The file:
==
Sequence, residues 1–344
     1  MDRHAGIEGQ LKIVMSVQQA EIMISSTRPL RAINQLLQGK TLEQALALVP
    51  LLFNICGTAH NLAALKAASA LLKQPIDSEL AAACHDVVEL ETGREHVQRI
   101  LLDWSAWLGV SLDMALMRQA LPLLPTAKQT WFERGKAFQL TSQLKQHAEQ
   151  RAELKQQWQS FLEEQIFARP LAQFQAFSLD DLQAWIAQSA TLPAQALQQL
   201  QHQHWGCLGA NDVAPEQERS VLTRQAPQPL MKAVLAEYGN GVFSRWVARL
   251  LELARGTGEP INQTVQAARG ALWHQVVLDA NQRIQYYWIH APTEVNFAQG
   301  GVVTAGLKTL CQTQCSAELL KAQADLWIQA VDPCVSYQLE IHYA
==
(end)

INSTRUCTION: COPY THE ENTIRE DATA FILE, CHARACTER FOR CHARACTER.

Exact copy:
Sequence, residues 1–344
     1  MDRHAGIEGQ LKIVMSVQQA EIMISSTRPL RAINQLLQGK TLEQALALVP
    51  LLFNICGTAH NLAALKAASA LLKQPIDSEL AAACHDVVEL ETGREHVQRI
   101  LLDWSAWLGV SLDMALMRQA LPLLPTAKQT WFERGKAFQL TSQLKQHAEQ
   151  RAELKQQWQS FLEEQIFARP LAQFQAFSLD DLQAWIAQSA TLPAQALQQL
   201  QHQHWGCLGA NDVAPEQERS VLTRQAPQPL MKAVLAEYGN GVFSRWVARL
   251  LELARGTGEP INQTVQAARG ALWHQVVLDA NQRIQYYWIH APTEVNFAQG
   301  GVVTAGLKTL CQTQCSAELL KAQADLWIQA VDPCVSYQLE IHYA